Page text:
Gas Tank Service

Welcome to Myrons Carburetor and Gas Tank Service Section. Carburetors and gas tanks get coated with sticky brown residue (tar, varnish, or gum) from gasoline and oil decomposing during years of storage. Steel gas tanks rust inside. Rust flakes damage gas valves (petcocks). Rust powder goes through fuel filters and clogs the tiny 0.010 to 0.025″ jet holes that the gasoline sprays through. Rust particles and fibers from cloth or hair can also make the float valve not shut off, causing a gas leak.

Carburetor Gas Leaks:  Most (but not all) gas leaks are from float valves not shutting off. A good working float and float valve assembly will float up and shut off the supply of gasoline before the level gets as high as the float bowl gasket. If the bike is standing up stationary, it would not matter whether it even had a bowl gasket. The float bowl gasket is for when the bike is leaned or the moved around, sloshing the gasoline inside.

How to Clean Gas Tanks

Warning: The following procedures are difficult and dangerous. You can easily harm your health, get blinded, or ruin the bike. Read all warning labels. Acetone especially is a very strong solvent. It’s the main ingredient of fingernail polish remover. It will instantly dissolve decal ink or spray paint. It will ruin rubber by making it swell up. It will etch (eat away the surface) paint and plastics quickly. Baked on factory paint takes a minute to be etched. Wear eye and skin protection and have cloth towels ready to catch any dribbles. Nothing else that’s safer than acetone or methyl ethyl ketone (MEK) will dissolve the tar. This is how Myrons Mopeds cleans gas tanks. These techniques may not be safe or appropriate for everyone. Use these prodedures at your own risk.

1. With the old gas still in it, shake up the gas tank. On a frame-tank moped, shake the entire bike by tipping it up on it’s nose (front tire), while holding the front brake, balancing the bike on it’s front wheel. This gets the solid material (rust flakes mostly) off the bottom and into the liquid about to be drained out. Do this just before removing the gas valve, so rust powder won’t have time to settle back to the bottom.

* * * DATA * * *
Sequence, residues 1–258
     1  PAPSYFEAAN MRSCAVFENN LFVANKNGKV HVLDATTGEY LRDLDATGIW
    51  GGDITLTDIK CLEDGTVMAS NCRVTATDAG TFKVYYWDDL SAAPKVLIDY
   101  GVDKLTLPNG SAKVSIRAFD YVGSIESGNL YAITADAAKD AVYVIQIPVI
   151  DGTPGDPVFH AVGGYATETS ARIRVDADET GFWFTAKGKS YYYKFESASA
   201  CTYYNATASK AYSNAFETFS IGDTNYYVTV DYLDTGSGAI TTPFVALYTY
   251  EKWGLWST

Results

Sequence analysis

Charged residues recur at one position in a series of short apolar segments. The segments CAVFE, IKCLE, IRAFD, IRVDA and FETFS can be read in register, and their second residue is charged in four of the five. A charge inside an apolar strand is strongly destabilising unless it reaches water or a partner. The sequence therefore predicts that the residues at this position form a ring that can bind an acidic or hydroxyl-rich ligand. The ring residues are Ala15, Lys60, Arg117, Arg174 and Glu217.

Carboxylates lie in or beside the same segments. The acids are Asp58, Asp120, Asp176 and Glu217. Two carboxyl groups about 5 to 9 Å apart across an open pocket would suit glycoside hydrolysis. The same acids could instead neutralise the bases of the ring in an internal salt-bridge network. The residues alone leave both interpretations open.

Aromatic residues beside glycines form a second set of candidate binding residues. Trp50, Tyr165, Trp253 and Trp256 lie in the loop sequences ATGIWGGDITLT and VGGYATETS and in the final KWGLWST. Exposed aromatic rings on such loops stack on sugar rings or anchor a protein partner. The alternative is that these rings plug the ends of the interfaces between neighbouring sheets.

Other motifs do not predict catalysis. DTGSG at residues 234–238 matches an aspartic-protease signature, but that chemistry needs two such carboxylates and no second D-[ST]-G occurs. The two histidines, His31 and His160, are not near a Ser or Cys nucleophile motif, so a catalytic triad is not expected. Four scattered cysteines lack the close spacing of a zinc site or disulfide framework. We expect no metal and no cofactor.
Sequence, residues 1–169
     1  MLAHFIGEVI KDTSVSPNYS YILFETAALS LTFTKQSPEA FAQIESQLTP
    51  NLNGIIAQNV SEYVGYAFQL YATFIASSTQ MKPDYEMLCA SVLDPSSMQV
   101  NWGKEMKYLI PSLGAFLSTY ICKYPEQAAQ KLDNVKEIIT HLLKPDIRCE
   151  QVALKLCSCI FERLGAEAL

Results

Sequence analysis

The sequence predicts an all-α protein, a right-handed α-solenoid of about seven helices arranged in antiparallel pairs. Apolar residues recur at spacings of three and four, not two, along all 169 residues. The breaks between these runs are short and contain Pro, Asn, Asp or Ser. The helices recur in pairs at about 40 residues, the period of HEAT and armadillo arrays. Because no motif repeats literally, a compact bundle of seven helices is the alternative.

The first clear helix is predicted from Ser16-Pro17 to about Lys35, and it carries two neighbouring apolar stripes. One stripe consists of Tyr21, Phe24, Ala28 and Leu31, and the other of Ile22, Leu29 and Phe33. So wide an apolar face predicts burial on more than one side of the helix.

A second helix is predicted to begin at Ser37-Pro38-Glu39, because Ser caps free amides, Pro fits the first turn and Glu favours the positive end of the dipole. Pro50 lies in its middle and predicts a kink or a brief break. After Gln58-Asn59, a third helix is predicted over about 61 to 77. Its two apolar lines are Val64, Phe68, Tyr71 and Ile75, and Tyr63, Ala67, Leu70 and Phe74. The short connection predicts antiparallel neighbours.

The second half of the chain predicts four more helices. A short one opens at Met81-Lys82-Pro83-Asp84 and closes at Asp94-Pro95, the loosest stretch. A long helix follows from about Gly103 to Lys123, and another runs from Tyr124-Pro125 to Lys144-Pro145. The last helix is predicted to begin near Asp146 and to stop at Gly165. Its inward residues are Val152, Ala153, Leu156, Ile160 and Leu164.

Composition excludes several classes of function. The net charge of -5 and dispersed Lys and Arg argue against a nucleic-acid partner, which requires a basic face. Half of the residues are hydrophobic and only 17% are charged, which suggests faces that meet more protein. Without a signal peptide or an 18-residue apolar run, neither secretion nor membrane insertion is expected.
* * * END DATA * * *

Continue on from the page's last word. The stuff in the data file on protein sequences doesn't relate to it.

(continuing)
2. Remove the gas valve and drain the old gas out, with shaking. Look at what came out. Pure fresh gasoline is clear, colorless, and smells like gas. Fresh gas put into a tarry gas tank turns yellow after a few days. Yellow tint means tar is present. Cloudy means water is present. Solid brown, black, or orange particles or flakes are rust. Two-stroke oil is usually colored so it tints the gasoline, so you can tell how much oil is present by looking at it. A 50:1 mix of Champion tints the gas slightly green. Twice as much oil makes it twice as green.

3A. Cloudy only – water:  Air dry the tank. Compressed air and summer sun help. Optional: Acetone or MEK 8oz rinse removes water quickly, no waiting.

3B. Dark color only – oil: Replace gasoline with correct mix, usually 50:1. Adding oil reduces the odor of gasoline. Pure gas smells strongest.

3C. Particles only – rust: Water flush with full blast garden hose to float out any loose rust flakes. Put the hose in the empty tank first before turning it on. Tip the bike so the water overflows to the side and not all over the bike. When “all” of the tar and loose flakes are removed it’s ready for EvapoRust. It’s a water-based product that chemically disolves rust, while not promoting re-rusting. Between a pint and a quart of Evaporust plus a two quarts of water almost fills a one gallon tank. Soak it for a day while shaking it vigorously (turning it upside down) once in a while. Then drain it out. Hose it with water from a garden hose. Remove all water ASAP before new rust can form. Use air, sun, or acetone for that. See above.